When New Zealand bred songwriter Lorde burst into the music scene in 2013 at just 16, she sent a bolt of electricity through a stagnant hit making industry with “Royals.” Her damning indictment of inauthentic celebrity culture and the public fascination that fuels it struck a chord with those tired of songs that promote a materialistic and shallow view of society. The album that accompanied the hit, Pure Heroine, was just as subversive and raw, exploring complex themes through the eyes of a child of the Internet generation. Lorde explored everything from disillusionment with the world she grew up in to the battle between authenticity and inauthenticity in a culture that appears to place more value on the latter.
Lorde shifted her perspective by the time her 2017 follow-up Melodrama was released. No longer the outsider looking in on the world of fame, Lorde was now music royalty herself. This tension was evident in the production of the record as Lorde worked with mega producer Jack Antonoff for the first time. Melodrama was critically acclaimed upon its release and received several Grammy nods, but it failed to produce a monster commercial hit like “Royals” despite selling well. Many outside her devoted fanbase began to ask if Lorde was a one hit wonder.
But those who focused only on chart performance missed the point entirely. Lorde was never supposed to be the biggest artist in pop, and she doesn’t intend to live that life now. Her latest effort Solar Power proves Lorde is still the genius we met in 2013, only with a more mature view of life. The years-long break between her albums along with self imposed isolation from Hollywood produced a unique record that is clearly the album she wanted to make rather than the one she thought listeners wanted to hear. The confidence she exudes throughout speaks to her new “take me or leave me” approach to making music, and it works. As she recently told The Wall Street Journal, “I don’t know if I’m ‘arena girl,’ you know … I’m an amphitheater girl. I’m a 150-year-old theater girl.”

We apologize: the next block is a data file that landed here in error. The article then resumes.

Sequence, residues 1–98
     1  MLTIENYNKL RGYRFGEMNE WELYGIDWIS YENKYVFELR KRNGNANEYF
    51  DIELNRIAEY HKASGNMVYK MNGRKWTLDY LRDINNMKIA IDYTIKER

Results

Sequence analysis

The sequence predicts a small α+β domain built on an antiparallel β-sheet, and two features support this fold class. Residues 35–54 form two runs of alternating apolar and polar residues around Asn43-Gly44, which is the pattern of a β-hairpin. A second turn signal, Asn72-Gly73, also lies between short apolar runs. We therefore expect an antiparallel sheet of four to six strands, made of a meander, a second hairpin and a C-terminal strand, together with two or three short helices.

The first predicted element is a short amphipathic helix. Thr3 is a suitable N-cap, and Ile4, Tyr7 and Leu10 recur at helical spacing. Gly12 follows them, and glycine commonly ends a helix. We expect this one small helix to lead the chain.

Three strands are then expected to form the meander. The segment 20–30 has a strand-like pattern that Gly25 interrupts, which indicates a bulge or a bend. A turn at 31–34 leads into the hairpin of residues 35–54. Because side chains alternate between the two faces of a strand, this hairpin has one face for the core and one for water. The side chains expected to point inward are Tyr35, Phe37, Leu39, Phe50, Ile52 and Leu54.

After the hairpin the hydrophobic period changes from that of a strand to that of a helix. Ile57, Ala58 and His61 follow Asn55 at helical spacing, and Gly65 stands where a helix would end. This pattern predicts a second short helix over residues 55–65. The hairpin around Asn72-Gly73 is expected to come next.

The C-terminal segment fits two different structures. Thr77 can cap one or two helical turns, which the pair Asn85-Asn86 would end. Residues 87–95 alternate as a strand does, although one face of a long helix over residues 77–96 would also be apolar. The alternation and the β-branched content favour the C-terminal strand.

Every song on the album is a gem. Lorde opens Solar Power with a thesis statement of sorts in “The Path,” which cautions against turning to celebrities for emotional connection by using Lorde’s own experience in the limelight. Lorde’s imagery in her lyrics has always been her greatest strength, and that is on display in this short but impactful song: “Arm in a cast at the museum gala/Fork in my purse to take home to my mother/Supermodels all dancing ’round a pharaoh’s tomb.” She continues the vivid imagery in the title track, with my favorite line on the album: “Come one, come all, I’ll tell you my secrets/I’m kinda like a prettier Jesus.”
While there are gorgeous love songs, one for her romantic love (“The Man With the Axe”) and for her beloved dog (“Big Star”), the main target of Lorde’s talents is celebrity culture and society itself. While Pure Heroine was an angsty expression of teen anger and Melodrama examined the ebbs and flows of one relationship, Solar Power turns the rage down to a simmer with targeted and biting observations. “California” shows how her childhood dream of stardom was taken down by the reality of fame as she notes, “It got hard to grow up with your cool hand around my neck.” On “Dominoes,” Lorde turns her attention to a man who has infinite chances to mess up because of privilege despite not really deserving a second chance. She does not hold back lyrically, with the line “It’s strange to see you smoking marijuana/You used to do the most cocaine/Of anyone I’d ever met” serving as a small sample of the sarcasm she unleashes.